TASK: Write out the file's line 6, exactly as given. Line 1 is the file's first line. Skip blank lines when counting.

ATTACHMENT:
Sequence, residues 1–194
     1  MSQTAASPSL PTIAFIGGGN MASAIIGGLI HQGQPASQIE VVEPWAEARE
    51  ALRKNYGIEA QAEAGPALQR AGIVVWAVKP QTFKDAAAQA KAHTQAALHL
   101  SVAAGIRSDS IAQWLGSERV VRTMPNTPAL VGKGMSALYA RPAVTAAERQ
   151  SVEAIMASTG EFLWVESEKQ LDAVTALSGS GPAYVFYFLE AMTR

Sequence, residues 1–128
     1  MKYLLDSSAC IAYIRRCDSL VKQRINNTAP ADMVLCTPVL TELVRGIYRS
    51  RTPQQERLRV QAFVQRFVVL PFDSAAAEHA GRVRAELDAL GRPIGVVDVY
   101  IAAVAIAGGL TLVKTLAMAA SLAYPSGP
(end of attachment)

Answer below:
Sequence, residues 1–128